A group of 11 large research universities that collaborate on increasing low-income student degree production, dubbed the University Innovation Alliance, announced this week that it is adding undergraduate career readiness for at-risk students to the college completion push.
With initial funding of $2.4 million from the Strada Education Network, the alliance will map processes on each campus and identify where students are encountering roadblocks as they move from college to careers. Career services professionals will lead the project.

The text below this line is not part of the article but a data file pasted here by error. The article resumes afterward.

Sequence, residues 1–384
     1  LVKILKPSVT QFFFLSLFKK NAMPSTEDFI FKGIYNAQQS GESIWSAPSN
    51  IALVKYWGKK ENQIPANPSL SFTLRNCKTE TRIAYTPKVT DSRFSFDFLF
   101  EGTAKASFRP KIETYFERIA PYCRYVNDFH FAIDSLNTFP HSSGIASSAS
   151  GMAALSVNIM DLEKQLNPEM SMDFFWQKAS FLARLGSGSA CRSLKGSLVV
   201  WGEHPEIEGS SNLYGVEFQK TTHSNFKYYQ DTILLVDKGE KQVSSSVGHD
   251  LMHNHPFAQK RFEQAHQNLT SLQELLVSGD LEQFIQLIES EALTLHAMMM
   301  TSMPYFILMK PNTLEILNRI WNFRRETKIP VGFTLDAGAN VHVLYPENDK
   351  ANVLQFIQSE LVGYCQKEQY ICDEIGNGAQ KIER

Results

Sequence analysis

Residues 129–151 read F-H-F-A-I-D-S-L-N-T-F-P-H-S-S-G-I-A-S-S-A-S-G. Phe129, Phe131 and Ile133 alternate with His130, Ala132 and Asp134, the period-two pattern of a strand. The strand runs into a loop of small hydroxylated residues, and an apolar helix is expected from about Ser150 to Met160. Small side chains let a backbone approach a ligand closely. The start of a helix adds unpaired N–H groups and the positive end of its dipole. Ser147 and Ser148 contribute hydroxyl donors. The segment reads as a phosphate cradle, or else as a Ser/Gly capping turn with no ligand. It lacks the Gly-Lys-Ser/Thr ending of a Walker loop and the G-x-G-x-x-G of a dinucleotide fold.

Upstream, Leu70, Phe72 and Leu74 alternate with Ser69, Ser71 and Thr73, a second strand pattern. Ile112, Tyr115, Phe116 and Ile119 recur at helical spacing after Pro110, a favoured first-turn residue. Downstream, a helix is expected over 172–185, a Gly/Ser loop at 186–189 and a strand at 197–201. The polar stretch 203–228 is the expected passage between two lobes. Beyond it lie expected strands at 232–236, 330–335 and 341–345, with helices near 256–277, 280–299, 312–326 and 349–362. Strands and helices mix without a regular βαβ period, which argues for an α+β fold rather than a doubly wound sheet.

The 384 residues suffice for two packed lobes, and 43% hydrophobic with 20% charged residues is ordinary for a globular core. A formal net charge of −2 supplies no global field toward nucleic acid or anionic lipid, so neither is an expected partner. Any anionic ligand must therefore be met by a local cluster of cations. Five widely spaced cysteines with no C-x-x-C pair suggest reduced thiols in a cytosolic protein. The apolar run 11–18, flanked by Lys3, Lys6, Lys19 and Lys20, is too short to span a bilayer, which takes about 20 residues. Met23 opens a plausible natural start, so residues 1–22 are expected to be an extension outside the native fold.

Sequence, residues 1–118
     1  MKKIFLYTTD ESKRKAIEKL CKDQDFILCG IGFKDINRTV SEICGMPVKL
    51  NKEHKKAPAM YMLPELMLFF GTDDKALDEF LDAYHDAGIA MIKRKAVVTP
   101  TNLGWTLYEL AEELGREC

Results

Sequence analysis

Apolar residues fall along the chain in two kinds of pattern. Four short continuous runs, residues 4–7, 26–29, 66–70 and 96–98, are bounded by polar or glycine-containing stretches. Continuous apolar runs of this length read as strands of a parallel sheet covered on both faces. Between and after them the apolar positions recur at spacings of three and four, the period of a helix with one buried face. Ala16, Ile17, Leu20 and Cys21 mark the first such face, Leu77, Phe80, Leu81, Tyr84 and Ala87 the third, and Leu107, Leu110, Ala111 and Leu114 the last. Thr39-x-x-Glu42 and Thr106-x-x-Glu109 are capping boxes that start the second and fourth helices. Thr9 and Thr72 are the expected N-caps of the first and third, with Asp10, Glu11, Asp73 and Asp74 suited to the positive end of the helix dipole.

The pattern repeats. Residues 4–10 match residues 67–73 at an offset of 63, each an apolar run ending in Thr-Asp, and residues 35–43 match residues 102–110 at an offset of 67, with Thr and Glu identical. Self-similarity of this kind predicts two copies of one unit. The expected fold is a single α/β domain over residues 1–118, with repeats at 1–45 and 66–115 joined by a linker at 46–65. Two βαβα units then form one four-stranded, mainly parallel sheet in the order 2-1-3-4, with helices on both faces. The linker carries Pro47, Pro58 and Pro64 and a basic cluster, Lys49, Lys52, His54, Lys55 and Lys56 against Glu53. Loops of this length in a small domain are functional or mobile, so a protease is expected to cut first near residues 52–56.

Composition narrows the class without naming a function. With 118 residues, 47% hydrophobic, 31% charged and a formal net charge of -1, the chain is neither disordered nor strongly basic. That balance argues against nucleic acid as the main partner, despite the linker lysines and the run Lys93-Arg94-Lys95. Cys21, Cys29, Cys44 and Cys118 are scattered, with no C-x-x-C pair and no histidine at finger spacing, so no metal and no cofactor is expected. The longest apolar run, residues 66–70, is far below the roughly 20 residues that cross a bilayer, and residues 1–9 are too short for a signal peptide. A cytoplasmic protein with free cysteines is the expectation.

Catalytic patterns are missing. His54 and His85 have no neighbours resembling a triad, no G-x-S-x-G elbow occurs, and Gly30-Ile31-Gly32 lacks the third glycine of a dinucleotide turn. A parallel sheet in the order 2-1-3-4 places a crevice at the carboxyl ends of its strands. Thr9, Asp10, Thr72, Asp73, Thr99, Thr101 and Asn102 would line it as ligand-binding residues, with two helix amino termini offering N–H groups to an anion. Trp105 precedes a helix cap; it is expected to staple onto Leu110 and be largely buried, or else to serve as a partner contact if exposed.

"Career services are a natural evolution of focus for the student success movement," Bridget Burns, executive director of the alliance, said in a written statement. "If we abandon low-income or first-generation students at graduation with a poorly designed handoff between college to career, we risk failing to deliver on the full promise of higher education."
Since its creation in 2014, the University Innovation Alliance's 11 university members have increased their number of low-income graduates by 27,000, or 29 percent.